It was sort of a weird progression for me, with a few starts and stops.
My father has an old Silvertone archtop acoustic that he bought for I think $20 in 1960 (he was 12), because he wanted to be a singing cowboy, like Roy Rogers or Gene Autry. I banged away on it a little when I was a kid but I wasn't really interested in playing guitar until I was a teenager. I had been taking piano lessons since I was 7, and started playing trombone in band in 6th grade. For some reason I wanted an electric guitar when I was 12 or 13. I wanted a black Strat from the Sears catalog so bad, but I couldn't tell you what triggered that desire. Looking back on the music I was listening to at the time, it was 1989 and I hadn't really gotten into hard rock yet. I just had it in my head that the electric guitar was cool. I'm also left-handed so I thought I wanted a left-handed guitar, but was convinced to learn to play right-handed (still the smartest piece of advice I've ever taken when it comes to music). I ended up buying a black Strat copy made by Arbor at a garage sale probably that year or next, along with a Marshall Lead 20 amp.
It sat neglected for a few years because I couldn't make it sound like I wanted it to. I didn't know anything at all about distortion, overdrive, or gain. I knew when I turned the gain up on the amp it got louder, but because it was *too* loud for playing indoors I never did get it loud enough to break up.
For the next couple years I got into 70s folk-rock. James Taylor, Simon & Garfunkel, and so on. At some point I pulled out my mom's old LP version of American Pie by Don McLean, and decided I was going to learn how to play that song.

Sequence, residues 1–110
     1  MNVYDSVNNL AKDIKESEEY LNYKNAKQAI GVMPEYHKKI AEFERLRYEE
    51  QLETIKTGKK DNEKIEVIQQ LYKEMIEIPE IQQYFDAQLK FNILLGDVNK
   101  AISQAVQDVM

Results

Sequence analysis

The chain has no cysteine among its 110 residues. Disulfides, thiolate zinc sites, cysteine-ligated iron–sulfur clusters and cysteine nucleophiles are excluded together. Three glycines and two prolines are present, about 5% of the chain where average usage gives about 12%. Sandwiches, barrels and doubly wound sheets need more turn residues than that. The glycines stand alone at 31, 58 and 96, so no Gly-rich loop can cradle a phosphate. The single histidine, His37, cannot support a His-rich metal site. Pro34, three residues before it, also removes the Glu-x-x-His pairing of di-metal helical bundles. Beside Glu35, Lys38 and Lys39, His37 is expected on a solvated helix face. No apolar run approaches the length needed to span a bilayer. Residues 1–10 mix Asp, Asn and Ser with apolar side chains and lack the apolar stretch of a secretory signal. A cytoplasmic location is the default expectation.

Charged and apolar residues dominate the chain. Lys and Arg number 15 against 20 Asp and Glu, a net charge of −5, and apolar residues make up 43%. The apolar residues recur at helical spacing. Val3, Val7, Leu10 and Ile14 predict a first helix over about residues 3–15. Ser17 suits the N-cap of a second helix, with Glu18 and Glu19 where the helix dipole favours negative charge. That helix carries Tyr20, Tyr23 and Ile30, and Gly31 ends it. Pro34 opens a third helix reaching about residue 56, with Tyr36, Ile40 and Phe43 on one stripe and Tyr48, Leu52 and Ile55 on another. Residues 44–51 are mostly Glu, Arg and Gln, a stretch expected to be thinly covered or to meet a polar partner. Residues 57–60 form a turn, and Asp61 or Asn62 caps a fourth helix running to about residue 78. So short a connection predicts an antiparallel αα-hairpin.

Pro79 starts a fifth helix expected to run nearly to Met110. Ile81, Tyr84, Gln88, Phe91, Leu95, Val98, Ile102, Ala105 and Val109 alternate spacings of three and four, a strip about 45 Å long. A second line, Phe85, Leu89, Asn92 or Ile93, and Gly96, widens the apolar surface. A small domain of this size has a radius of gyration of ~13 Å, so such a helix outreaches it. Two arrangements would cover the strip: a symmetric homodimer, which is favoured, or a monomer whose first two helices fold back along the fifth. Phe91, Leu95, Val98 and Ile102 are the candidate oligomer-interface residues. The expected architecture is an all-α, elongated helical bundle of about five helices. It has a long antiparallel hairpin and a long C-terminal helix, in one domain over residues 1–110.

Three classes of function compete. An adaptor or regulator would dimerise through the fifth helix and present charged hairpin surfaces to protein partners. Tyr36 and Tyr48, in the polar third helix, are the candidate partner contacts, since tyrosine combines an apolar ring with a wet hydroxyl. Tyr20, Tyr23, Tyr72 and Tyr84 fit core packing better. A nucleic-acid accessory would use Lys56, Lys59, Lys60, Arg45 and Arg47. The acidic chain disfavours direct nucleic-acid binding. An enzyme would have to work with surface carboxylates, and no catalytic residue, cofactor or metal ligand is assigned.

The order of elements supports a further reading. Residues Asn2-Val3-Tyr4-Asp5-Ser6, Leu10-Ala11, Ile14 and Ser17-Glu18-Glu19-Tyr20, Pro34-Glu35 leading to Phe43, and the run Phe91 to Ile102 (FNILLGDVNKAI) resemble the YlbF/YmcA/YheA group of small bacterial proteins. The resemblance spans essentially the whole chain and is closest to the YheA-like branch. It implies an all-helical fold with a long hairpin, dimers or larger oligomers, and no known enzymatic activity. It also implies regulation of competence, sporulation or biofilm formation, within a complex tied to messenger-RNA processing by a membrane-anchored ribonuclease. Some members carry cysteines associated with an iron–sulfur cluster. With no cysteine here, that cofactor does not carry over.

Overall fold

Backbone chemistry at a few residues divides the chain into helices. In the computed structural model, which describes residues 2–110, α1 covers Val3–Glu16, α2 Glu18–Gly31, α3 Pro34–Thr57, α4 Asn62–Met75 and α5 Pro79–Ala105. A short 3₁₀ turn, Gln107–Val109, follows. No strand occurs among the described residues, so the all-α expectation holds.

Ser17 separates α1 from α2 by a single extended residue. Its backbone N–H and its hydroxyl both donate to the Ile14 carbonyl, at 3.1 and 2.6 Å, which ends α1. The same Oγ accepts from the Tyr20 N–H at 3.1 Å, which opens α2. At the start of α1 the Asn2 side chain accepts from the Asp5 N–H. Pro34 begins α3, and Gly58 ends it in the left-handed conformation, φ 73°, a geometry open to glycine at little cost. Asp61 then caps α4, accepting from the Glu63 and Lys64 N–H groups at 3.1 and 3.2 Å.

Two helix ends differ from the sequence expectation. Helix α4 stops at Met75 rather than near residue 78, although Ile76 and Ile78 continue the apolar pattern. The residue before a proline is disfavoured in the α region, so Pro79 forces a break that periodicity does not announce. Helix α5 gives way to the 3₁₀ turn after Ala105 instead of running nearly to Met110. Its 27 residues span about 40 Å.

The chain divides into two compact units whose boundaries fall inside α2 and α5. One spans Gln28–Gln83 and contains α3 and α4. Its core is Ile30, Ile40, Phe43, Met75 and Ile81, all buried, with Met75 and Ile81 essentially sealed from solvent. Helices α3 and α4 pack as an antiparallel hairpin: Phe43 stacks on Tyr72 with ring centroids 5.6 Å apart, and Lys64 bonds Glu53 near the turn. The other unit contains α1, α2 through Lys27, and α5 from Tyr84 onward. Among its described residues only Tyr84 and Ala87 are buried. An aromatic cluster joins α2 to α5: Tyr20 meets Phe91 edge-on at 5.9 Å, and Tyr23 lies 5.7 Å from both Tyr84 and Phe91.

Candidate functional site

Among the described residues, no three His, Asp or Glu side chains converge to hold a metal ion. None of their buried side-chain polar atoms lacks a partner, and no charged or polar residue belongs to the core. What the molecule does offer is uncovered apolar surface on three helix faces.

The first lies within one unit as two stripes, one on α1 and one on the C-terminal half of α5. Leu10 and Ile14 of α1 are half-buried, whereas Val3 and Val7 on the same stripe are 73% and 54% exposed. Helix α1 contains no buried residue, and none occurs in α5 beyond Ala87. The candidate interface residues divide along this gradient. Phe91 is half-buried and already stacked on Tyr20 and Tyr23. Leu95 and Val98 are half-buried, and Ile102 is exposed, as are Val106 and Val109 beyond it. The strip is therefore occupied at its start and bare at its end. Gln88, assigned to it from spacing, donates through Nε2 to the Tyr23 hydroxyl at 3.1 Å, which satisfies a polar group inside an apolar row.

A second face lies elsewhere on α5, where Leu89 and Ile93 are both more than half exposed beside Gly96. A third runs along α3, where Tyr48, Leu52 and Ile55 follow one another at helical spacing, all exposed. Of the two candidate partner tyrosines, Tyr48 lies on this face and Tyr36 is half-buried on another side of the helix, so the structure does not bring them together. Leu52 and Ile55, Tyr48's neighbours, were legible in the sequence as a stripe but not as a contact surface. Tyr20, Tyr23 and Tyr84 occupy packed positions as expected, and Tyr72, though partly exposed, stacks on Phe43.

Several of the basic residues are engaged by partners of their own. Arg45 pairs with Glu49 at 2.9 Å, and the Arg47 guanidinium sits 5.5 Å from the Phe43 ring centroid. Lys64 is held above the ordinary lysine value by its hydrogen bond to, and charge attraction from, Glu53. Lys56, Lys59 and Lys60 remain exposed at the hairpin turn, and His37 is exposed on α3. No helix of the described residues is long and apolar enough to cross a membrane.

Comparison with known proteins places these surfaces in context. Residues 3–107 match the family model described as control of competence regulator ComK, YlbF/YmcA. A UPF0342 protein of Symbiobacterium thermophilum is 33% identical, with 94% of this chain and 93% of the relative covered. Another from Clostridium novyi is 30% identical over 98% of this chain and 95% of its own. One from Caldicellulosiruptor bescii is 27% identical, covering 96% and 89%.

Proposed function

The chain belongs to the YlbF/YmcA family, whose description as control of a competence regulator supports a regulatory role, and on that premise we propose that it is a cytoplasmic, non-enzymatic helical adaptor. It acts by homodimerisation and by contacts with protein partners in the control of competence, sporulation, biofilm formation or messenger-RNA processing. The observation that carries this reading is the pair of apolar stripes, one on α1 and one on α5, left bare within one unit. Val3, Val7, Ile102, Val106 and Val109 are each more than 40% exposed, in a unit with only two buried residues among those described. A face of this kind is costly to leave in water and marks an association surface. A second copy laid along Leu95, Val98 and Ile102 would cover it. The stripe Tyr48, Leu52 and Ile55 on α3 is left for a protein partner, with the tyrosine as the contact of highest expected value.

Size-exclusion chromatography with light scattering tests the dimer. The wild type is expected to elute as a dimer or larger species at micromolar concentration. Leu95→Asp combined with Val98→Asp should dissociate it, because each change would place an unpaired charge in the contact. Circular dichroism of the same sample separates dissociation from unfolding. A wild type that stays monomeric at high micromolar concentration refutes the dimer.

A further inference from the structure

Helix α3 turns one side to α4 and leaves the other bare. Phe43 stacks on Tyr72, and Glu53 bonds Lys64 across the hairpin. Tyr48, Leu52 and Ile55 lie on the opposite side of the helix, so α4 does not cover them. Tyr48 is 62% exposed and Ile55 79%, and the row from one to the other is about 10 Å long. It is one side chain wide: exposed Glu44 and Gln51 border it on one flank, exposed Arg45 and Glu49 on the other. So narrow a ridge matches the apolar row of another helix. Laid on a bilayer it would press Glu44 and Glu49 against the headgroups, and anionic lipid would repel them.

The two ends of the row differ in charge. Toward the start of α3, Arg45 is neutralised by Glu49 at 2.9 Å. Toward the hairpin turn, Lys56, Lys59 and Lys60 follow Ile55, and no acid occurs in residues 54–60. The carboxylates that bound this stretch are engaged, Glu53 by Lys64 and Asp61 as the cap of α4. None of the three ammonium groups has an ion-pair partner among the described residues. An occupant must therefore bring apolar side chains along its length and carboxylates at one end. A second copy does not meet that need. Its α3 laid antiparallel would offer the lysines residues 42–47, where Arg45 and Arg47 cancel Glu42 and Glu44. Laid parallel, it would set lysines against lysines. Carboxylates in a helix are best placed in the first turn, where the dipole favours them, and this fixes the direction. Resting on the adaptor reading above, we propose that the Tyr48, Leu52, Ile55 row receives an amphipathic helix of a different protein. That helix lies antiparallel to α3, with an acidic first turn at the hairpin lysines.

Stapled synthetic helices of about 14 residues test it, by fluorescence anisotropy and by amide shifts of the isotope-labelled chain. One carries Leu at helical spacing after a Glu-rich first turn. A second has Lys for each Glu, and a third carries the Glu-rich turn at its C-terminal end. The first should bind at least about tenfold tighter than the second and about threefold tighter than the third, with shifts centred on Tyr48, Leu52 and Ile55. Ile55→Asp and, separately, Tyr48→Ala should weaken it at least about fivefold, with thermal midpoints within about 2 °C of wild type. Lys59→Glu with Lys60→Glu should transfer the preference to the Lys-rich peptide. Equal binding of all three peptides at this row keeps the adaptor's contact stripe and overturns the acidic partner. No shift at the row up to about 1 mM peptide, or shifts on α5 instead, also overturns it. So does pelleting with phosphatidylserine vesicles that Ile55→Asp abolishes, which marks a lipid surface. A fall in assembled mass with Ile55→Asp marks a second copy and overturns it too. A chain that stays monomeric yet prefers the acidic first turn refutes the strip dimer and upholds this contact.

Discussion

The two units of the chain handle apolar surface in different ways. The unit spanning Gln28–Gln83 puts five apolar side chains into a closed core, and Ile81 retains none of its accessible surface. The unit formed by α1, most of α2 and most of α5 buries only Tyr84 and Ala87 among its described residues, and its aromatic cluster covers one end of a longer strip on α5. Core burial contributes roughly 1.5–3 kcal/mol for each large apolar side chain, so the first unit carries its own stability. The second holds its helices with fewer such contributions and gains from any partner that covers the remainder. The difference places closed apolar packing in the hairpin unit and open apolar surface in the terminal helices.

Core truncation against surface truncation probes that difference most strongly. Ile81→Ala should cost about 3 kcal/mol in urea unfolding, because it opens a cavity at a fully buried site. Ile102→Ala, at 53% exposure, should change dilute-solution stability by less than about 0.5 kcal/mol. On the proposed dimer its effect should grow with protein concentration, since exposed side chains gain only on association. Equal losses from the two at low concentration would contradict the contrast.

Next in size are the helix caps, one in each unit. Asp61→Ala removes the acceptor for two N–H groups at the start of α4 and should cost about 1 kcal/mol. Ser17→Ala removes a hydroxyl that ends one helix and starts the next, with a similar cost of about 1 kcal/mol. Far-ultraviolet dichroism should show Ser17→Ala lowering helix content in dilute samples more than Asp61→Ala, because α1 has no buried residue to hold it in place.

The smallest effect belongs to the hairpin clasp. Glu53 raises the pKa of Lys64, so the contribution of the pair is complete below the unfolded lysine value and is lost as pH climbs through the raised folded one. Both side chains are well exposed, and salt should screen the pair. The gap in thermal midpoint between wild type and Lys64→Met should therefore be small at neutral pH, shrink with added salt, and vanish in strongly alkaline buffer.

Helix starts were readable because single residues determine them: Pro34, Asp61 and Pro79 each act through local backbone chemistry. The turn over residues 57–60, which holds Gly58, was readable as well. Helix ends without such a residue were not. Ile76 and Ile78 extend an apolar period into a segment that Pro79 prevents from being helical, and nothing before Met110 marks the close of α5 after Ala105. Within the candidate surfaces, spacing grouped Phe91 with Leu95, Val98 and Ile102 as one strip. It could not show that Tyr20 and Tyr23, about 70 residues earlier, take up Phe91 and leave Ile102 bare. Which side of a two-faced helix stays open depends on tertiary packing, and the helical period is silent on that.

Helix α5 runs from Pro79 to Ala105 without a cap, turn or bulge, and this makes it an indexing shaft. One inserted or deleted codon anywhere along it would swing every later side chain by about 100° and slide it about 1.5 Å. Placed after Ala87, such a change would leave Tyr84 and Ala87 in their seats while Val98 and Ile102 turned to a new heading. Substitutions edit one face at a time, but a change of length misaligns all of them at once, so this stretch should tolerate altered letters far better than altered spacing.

I started on my dad's acoustic but quickly went out and bought my own at the local pawn shop (the guitar itself was not used; it was a new but cheap catalog import sold by a fellow who had set up a small music shop in the back of the store). I paid $60 for it, and, armed with a chord book, I sat in the garage in the back of my parents' 1985 GMC Safari minivan, doors wide open, and listened to that song over and over, figuring out the chords and teaching myself how to play American Pie.
Then a friend showed me a distortion pedal, and everything suddenly made sense. After that, I decided I would try to tackle Stevie Ray Vaughan's "Couldn't Stand The Weather," on my Strat. It all blew up from there.
If Don McLean inspired me to start really hunkering down and learning how to play, Rush was the band that made it stick. Another friend had me listen to "Chain Lightning," from the Presto album... and Rush quickly became my favorite band. I picked up an enormous book of music ("Rush Complete") and learned a bunch of their early work. I bought every guitar magazine that had one of their songs in it. The guy who introduced me to Rush soon became my first bassist, and along with a drummer I recruited from marching band, we started our first band. That was the point at which playing the guitar was no longer a temporary hobby to be discarded and forgotten, but a long-term project.